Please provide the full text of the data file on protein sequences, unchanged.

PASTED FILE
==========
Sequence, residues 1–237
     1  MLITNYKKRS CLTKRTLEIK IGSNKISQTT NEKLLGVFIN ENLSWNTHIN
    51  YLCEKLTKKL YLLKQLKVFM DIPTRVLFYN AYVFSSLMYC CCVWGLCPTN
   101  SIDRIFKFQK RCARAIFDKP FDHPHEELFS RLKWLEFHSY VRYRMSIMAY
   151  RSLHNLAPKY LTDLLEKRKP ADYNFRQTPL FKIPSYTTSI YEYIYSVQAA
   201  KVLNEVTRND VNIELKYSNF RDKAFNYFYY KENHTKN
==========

Sequence, residues 1–237
     1  MLITNYKKRS CLTKRTLEIK IGSNKISQTT NEKLLGVFIN ENLSWNTHIN
    51  YLCEKLTKKL YLLKQLKVFM DIPTRVLFYN AYVFSSLMYC CCVWGLCPTN
   101  SIDRIFKFQK RCARAIFDKP FDHPHEELFS RLKWLEFHSY VRYRMSIMAY
   151  RSLHNLAPKY LTDLLEKRKP ADYNFRQTPL FKIPSYTTSI YEYIYSVQAA
   201  KVLNEVTRND VNIELKYSNF RDKAFNYFYY KENHTKN